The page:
Pivoting in an Emergency: The Pandemic’s Impact on Regulation and the Athletic Trainer Role
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The pandemic has had a major impact on the practice of athletic training. In addition, regulators that oversee licensing of Athletic Trainers (ATs) have had to pivot in response – both administratively and in relation to laws that define practice parameters. ATs have shifted to new roles and practice settings during this time and laws in some states have expanded in scope to enable ATs to jump into different positions to meet the public needs of the pandemic, as many of their existing roles took a pause. As the pandemic begins to subside, many are asking what the future impact of these issues will be within the athletic training profession and the agencies that regulate ATs.
Many states have made regulatory modifications, issuing executive orders or enacting legislative changes to scope of practice for the profession to enable adjustments in duties for ATs. Issues such as telehealth and mobility have become more prominent as well, impacting the way ATs practice.
The BOC reached out to two ATs to capture what they have faced during these uncertain times of the pandemic.
Benjamin Henry, MS, LAT, ATC is currently the Head Athletic Trainer for Work-Fit in Everett, Wash. where his team works directly with aerospace mechanics, providing preventative care and wellness programming. Tanya Miller, MS, LAT, ATC, CES, our second source, is a practicing AT and assistant director of sports medicine at Shippenburg University in Pennsylvania, in addition to being the governmental affairs chair for the Pennsylvania Athletic Trainers' Society (PATS).
The BOC asked them the following questions:
What impact did the pandemic have on your professional role? Describe how you have responded to the pandemic professionally?
Explain how any emergency executive orders, legislation or regulations have changed your practice and the role of ATs?
What changes have you implemented, due to the pandemic and which, if any, will be made permanent? Which should or will return to their previous state?
Regulations put in place related to scope of practice will likely adjust on a state-by-state basis. Miller is hopeful that the ability for ATs to continue in expanded roles will remain after the pandemic subsides. In the academic setting Miller is seeing the shift to in-person happening, following a period of adjustment during the height of the pandemic. The majority of AT programs are in the midst of planning and already implementing some level of face-to-face instruction.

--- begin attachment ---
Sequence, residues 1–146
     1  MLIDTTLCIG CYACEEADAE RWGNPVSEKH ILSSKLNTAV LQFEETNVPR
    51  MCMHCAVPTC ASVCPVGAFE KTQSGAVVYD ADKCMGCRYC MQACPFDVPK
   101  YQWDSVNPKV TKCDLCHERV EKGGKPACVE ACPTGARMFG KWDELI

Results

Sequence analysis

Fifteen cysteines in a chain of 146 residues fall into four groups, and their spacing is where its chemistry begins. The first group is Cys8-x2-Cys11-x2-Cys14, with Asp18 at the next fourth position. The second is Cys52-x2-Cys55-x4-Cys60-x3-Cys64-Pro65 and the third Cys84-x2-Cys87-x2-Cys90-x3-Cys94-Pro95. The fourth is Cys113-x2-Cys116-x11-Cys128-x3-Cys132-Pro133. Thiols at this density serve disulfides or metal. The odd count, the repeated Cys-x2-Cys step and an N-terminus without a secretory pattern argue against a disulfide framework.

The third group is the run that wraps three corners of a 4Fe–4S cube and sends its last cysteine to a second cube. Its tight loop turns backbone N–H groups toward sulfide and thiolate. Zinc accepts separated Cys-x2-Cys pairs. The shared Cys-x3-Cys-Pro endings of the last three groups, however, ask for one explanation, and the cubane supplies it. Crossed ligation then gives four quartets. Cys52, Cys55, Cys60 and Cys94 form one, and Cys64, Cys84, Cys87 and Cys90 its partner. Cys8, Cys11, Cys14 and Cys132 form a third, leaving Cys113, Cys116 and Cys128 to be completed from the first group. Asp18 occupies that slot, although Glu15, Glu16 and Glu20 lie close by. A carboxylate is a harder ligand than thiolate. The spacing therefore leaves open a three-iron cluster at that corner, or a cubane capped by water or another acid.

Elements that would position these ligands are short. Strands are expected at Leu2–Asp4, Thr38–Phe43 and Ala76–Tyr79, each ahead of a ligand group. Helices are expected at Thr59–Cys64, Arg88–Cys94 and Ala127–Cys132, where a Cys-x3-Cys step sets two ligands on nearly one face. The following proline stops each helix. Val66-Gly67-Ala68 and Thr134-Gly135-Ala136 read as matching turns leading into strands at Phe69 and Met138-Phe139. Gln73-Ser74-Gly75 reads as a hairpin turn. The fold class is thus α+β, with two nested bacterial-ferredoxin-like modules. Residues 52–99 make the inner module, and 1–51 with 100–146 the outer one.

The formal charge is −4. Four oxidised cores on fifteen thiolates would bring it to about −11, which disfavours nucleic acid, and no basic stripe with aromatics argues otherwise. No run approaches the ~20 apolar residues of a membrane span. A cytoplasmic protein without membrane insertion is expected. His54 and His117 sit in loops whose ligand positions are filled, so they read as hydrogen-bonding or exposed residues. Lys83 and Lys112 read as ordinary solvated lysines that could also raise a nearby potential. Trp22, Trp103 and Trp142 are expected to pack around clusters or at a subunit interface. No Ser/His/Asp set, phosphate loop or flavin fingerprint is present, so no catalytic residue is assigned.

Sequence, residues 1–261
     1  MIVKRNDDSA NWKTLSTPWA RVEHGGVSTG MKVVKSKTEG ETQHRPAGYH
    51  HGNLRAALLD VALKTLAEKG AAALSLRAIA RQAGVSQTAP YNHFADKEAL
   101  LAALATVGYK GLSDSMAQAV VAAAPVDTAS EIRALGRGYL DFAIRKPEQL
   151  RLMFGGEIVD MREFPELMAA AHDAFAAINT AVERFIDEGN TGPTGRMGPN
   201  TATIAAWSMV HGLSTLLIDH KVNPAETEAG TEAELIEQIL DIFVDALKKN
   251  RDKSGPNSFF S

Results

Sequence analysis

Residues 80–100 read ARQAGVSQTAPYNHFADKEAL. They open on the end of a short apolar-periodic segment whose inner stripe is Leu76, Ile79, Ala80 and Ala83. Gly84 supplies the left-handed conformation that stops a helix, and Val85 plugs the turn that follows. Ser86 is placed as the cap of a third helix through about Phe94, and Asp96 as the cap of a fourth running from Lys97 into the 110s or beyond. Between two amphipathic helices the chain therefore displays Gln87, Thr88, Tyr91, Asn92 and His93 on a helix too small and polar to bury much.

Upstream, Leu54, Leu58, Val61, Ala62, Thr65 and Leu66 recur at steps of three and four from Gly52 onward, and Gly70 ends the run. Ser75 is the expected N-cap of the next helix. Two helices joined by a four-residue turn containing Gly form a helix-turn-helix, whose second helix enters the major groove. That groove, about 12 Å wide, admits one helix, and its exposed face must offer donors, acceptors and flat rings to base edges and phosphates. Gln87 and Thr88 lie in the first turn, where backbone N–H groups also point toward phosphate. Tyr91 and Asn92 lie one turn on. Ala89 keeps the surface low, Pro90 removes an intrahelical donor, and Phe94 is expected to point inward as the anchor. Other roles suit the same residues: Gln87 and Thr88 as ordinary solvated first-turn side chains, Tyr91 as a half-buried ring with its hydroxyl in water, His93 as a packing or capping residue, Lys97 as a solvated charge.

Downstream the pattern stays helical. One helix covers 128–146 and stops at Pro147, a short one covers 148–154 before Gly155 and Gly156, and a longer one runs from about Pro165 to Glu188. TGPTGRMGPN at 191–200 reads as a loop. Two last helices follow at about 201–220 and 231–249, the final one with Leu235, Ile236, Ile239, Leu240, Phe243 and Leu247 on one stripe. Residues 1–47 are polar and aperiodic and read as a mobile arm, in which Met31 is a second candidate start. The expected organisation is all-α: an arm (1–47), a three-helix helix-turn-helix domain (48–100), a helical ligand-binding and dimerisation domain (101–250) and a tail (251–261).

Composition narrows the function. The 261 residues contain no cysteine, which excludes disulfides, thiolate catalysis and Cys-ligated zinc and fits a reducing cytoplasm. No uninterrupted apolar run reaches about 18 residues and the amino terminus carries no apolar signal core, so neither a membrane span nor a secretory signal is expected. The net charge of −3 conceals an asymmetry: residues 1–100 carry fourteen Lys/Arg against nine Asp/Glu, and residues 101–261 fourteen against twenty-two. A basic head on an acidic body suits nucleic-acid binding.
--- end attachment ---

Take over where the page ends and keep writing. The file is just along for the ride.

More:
Looking towards the future, the BOC gathered input from Mark R. Brengelman, attorney at law, from Frankfort, Kentucky to gain his vision of how the athletic training profession and those that regulate it have been and will continue to be impacted by the pandemic. In his past role as Assistant Attorney General for the state of Kentucky focused on administrative law, Mark was the assigned counsel and prosecuting attorney to numerous health professions licensure boards.
He foresees many AT practice functions continuing to be facilitated through telehealth, but hands-on practice functions would likely return to in-person.
He noted that many changes to the administrative process such as hearings, investigations and applications and board meetings will likely remain online and via virtual methods.
In addition, the impact of the pandemic has clearly shown how state regulatory bodies can adapt and demonstrate flexibility while still adhering to oversight of ATs in each state.
It is clear the pandemic has affected the practice of athletic training and the practice of regulating Athletic Trainers in many ways, good and bad. What changes have you implemented? What will be made permanent? What should or will return to a pre-pandemic state? We encourage you to engage in this topic on the State Regulatory Network by commenting on the article with how the pandemic has impacted your work as a regulator and those you regulate.